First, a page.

Friday, May 3, 2013
Bottle Boot Camp
The past week has been rough. If you read the "Hitting the Bottle" post you will remember that baby girl was still not taking a bottle and my maternity leave is rapidly coming to an end.
At our 2 month doctor's appointment we mentioned the "no bottle" issue to the pediatrician. We were anticipating her telling us "it's okay she will eventually get it" or "don't stress just keep trying." Instead she told us we were in trouble and if we wanted her to take a bottle we needed to start getting aggressive.
Her suggestion was to leave the baby all day with a grandmother. And I do mean LEAVE. She said that we should not be around, especially me.
The gist of the plan was to leave the baby with someone patient, familiar with feeding babies, and someone that could listen to crying for hours without giving in to nurse. Parents usually crack under the pressure.
After leaving the pediatrician's office I felt panicky. I guess I was pretty delusional. I had just thought that one day we would wake up and she would magically take the bottle. We were now facing the harsh reality that we had a baby that would need some additional training. I was not certain I could just leave my baby for this stressful but necessary time. I didn't want to put stress on a Grandma and I didn't want my daughter to think I had abandoned her when she was hungry. While on some level I knew that baby girl would not feel abandoned, I struggled to get past that hang up.
After going back and forth over the options I decided I wanted to be the one to work with her through the "bottle only" feeding period.
I did not fully realize how hard it was going to be.
We started at 2:00 PM on Sunday. She cried pretty much non-stop until 8:00 PM. They were full blown gut wrenching cries. She would look up at me with red-rimmed tear stained eyes, pleading.
It broke my heart. I cried, a bunch.
I was very close to giving in and nursing multiple times. It is extremely difficult to see your child cry. Usually there is nothing you can do to stop the discomfort. This time there was something very easy I could do to make it all stop...but I didn't.
I felt like a horrible Mom.
When she finally took the bottle it was a mix of emotions. First being great relief. The second caught me a bit off guard. It hit me that she may not go back to nursing. What if our experience was over? I felt an overwhelming sadness as I was not sure I was ready to let that special bonding go.
The tears continued to flow.
The next couple days were a mess. I did not want to offer nursing as an option until I felt like she was really getting the hang of the bottle. There was NO way I was going to go through the boot camp again.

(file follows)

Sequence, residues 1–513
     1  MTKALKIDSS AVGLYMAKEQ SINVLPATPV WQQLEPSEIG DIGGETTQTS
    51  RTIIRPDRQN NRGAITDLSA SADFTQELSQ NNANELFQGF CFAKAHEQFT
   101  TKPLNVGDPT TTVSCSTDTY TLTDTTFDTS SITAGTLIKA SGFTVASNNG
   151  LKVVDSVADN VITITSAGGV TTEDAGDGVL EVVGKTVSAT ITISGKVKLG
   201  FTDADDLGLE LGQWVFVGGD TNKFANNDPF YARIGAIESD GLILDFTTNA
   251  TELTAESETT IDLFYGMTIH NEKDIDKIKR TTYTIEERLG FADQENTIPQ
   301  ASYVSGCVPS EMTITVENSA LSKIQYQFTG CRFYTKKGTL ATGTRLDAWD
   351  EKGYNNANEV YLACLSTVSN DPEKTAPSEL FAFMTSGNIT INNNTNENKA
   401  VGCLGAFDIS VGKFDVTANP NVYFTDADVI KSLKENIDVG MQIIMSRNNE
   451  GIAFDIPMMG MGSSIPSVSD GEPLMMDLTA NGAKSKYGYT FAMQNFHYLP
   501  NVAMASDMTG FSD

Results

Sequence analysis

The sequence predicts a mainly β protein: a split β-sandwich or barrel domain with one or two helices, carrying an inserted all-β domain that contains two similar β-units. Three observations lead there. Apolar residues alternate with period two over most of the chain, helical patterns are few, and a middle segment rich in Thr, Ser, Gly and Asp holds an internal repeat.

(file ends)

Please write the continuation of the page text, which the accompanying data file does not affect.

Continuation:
It is really hard to bottle feed a breast milk baby. I found myself really tied down the next few days. She was still fighting the bottle so our feeding sessions would take up to an hour and a half. Then I would need to pump. After the pumping I would need to wash and sterilize nipples, bottle, and pump accessorizes. Pretty much by the time I finished with all of that it was time to feed again.
I hate the bottle. I hate the time it takes away from me being able to hold and play with my baby girl. I hate the cold feel of it against my skin as I tried to struggle with her hands and tongue to keep it in her mouth. I hate the way I have to hold her away from my body to get her to take the bottle.
I hate it.
True it does give us more flexibility. The husband and I are looking forward to our first date night in a long time. I will be able to go off to work confident that she will take the bottle from her caregivers.
I still hate it.
There is one redeeming quality to the bottle. One that almost makes it all worthwhile. With the bottle the husband does get to share in the special experience of feeding his little girl. True she is a fussy little thing right now but he still enjoys her looking into his eyes as he holds the bottle.
I hate it a bit less.
I am gradually introducing a few nursing sessions into each day. I am limiting these to the night feedings. Thankfully she did go back to nursing with no problem. That was a large relief for me.
I know that far too soon she will not be nursing and will eventually be graduating to sippy cups. When that time comes I will miss the bottle feedings.
But for now, you guessed it....I still hate the bottle.